An estimated 1,690 American men were diagnosed with breast cancer in 2005. University of Oklahoma journalism professor Jack Willis was one of them.
As faculty adviser for OU's campus newspaper, Willis planned to work until he was 70. But cancer has a way of changing things.
"It's one of those things where the treatment is worse than the disease," Willis said. "The chemo just knocks you down."
Jack lost his hair, experienced a "god-awful taste" in his mouth and endured profound fatigue like he'd never encountered before.
But he's not the only one who worried and struggled.
"Jack "¦ is very soft-spoken, but the side effects of the medicine would make him "¦ I guess there's really not another word "¦hateful," BeckyWillis, his wife, said. "He's never been hateful."
WRITING A BOOK
To deal with the treatment and his eventual masectomy, Willis started a diary.
"It was very therapeutic," he said. "You say stuff that you wouldn't say to people probably."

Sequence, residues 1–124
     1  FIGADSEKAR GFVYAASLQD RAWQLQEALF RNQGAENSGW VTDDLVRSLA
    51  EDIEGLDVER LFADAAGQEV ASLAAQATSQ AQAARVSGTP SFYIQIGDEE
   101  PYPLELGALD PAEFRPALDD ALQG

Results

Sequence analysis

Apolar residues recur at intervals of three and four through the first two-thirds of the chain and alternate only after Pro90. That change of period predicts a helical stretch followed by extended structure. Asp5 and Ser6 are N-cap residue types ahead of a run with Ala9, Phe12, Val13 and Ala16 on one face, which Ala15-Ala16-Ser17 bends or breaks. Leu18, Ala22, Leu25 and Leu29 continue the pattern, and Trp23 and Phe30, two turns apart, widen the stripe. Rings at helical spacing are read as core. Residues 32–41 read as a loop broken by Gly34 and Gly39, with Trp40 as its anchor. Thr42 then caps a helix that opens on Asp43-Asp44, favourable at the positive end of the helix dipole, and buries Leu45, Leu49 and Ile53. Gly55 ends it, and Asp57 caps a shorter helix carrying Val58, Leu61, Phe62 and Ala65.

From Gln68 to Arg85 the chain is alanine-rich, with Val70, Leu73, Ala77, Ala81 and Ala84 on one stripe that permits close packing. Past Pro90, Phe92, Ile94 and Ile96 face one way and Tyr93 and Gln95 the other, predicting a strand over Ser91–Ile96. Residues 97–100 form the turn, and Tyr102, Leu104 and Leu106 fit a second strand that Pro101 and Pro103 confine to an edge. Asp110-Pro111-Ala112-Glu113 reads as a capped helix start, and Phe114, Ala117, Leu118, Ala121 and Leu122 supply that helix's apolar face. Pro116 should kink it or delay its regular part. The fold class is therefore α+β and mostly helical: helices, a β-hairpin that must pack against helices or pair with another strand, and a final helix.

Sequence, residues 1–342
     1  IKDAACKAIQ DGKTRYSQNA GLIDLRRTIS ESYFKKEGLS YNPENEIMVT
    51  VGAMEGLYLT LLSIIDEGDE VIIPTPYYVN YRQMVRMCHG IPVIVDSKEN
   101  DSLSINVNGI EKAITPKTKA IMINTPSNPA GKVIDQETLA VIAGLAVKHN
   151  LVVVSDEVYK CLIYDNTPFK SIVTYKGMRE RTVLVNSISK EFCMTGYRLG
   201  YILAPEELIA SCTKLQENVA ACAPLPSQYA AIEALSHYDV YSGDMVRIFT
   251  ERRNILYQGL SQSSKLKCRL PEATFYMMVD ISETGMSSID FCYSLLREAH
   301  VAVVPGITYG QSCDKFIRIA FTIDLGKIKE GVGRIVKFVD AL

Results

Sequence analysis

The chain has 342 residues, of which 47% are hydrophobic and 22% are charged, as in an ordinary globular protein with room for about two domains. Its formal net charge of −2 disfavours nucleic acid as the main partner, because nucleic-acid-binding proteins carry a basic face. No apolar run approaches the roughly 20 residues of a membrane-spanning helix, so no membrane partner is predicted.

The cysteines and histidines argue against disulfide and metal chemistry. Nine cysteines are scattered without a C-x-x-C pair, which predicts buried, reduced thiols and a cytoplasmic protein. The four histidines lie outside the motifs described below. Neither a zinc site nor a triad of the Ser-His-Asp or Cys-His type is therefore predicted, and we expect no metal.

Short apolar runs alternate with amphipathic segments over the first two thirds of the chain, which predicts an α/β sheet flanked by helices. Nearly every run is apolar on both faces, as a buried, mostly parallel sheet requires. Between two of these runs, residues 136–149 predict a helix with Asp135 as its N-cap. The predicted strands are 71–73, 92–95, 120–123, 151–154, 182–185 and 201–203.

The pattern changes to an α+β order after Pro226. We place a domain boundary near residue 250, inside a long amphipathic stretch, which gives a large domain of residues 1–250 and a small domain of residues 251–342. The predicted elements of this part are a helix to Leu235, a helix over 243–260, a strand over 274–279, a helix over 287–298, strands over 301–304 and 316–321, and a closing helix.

Suddenly, Willisunderstood a reason for him having cancer. So, he began writing his first book, "Saving Jack." A reworked compilation of his cancer experience, it almost immediately was accepted for publication by the University of Oklahoma Press.
Willis said the idea arose in part from his discovery that there are few resources available to male breast-cancer victims. His book is designed to help others deal with the day-to-day battle. It's his way of giving back.
"Saving Jack" will be published in early 2008. "Krista Nightengale